Tennessee adopted what were thought to be sweeping ethics reforms after four sitting state lawmakers were arrested on bribery charges. Ten years after the scandal rocked the legislature, however, there are questions about whether lawmakers have neutered the reforms and created loopholes as wide as the Tennessee River.
Political observers, moreover, say there are many ways to get around the state’s campaign finance regulations.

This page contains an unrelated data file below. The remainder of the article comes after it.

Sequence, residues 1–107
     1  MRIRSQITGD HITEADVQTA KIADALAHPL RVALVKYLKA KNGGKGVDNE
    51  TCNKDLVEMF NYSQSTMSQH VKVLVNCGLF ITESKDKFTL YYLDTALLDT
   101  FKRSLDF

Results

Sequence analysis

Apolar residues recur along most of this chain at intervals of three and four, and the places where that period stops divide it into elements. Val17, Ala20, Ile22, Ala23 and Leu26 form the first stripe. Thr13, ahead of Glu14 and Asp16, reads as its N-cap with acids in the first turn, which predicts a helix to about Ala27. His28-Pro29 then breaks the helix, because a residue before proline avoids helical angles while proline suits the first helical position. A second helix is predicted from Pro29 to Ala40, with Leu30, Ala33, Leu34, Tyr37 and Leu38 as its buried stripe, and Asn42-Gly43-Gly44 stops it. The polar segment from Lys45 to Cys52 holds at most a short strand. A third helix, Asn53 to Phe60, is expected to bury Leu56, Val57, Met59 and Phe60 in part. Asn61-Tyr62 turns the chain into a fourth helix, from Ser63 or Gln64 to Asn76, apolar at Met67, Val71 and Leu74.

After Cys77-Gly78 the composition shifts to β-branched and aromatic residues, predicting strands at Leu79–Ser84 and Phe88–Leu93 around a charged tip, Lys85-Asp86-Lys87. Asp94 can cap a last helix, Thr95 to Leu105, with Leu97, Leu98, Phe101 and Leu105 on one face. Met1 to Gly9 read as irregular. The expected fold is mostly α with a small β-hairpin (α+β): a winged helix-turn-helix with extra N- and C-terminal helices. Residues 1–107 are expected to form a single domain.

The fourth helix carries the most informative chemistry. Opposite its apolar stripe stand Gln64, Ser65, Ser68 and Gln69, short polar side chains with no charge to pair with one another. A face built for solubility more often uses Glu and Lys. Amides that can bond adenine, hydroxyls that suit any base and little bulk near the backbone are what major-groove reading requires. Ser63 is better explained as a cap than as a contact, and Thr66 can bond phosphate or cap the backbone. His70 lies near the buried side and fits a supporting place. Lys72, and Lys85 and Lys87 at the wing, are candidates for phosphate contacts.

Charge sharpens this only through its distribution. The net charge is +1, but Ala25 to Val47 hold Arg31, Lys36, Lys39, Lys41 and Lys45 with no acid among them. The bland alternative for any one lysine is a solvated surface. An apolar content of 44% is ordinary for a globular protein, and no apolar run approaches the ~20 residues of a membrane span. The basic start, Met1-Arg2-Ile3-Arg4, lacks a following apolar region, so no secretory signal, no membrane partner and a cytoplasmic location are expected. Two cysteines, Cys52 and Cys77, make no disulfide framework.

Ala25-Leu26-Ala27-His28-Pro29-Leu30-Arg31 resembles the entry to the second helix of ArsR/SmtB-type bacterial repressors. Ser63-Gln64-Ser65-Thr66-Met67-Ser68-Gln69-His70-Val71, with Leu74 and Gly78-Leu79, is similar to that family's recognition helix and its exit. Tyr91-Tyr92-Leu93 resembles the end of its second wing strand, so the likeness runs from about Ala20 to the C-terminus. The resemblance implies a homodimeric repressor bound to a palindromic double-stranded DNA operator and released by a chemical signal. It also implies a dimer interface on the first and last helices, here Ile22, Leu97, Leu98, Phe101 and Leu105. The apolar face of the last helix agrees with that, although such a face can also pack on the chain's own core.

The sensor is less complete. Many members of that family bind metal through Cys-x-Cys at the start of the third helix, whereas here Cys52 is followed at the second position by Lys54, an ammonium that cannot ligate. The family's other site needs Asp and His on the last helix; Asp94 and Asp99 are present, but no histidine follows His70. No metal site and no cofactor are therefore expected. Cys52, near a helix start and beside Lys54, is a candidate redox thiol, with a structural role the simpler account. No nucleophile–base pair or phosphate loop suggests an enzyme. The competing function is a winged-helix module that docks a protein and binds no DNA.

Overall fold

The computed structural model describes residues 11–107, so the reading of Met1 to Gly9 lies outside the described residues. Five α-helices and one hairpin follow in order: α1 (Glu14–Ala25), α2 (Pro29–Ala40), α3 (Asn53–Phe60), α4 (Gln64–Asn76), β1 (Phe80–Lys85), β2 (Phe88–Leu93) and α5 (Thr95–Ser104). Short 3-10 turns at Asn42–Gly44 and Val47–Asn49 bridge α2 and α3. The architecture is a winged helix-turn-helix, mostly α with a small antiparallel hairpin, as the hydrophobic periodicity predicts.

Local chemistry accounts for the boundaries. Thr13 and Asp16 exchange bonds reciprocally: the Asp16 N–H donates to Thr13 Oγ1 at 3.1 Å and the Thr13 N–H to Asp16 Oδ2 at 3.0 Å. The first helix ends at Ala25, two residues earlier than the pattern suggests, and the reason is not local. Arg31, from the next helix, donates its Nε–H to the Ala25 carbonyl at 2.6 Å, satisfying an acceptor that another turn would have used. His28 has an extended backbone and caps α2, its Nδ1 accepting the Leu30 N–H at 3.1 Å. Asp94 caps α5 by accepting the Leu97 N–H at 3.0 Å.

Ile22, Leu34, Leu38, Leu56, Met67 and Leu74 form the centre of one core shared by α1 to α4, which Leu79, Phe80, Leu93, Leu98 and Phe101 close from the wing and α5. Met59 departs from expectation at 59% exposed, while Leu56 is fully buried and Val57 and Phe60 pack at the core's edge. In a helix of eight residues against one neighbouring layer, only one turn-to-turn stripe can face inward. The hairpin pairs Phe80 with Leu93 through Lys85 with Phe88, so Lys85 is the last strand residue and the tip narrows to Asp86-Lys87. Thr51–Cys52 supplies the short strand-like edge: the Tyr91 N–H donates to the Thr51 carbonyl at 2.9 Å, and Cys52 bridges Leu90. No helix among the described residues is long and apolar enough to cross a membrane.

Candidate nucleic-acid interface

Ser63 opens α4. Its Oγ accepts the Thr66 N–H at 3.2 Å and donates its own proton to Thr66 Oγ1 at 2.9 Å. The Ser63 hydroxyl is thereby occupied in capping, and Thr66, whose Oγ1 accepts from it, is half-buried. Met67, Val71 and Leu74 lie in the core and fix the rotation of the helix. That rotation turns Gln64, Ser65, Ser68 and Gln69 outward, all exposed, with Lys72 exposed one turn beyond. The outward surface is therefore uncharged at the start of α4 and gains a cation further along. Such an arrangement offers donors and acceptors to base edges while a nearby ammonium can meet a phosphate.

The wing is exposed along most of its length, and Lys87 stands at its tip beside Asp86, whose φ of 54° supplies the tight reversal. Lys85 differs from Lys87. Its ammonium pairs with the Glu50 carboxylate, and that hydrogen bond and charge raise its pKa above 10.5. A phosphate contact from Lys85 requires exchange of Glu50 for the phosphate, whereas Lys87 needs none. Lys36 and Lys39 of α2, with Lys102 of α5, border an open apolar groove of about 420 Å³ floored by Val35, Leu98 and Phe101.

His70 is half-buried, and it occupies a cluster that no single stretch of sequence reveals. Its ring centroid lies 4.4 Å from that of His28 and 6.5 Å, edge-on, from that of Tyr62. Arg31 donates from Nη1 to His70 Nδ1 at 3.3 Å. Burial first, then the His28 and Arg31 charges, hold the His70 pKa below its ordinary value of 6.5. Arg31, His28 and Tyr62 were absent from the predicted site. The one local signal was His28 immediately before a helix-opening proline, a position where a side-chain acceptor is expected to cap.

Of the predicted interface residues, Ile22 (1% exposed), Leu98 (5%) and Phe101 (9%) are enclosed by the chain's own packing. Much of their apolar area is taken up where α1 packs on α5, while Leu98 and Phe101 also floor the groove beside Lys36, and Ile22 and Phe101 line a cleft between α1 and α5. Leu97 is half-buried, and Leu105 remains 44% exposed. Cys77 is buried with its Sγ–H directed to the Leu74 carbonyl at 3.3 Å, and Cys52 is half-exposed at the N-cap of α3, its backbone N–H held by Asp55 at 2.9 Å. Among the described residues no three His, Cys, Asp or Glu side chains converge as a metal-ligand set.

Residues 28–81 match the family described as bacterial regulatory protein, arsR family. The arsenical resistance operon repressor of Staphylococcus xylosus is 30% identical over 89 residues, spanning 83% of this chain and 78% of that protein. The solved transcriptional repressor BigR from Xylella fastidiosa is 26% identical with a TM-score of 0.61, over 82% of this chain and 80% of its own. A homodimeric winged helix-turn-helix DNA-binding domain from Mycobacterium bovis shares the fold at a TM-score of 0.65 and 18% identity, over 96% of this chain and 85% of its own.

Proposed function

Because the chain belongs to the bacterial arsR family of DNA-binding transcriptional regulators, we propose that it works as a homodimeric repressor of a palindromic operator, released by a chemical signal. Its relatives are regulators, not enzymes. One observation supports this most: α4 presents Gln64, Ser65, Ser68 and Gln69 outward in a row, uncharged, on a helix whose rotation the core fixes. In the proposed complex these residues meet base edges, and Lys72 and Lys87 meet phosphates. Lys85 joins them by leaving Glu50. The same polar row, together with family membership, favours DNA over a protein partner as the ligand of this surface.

These are some of the reasons why this state of 6.5 million people earned a score of 66 and a grade of D from the 2015 State Integrity Investigation, an analysis of state transparency and accountability conducted by the Center for Public Integrity and Global Integrity, ranking the state 15th. The grade represent a drop from the C Tennessee received in the project’s first go-round in 2012, but the two scores are not directly comparable; the new survey did not look into redistricting, which occurs only once every 10 years, for example, and additional questions were added on open data standards and election oversight.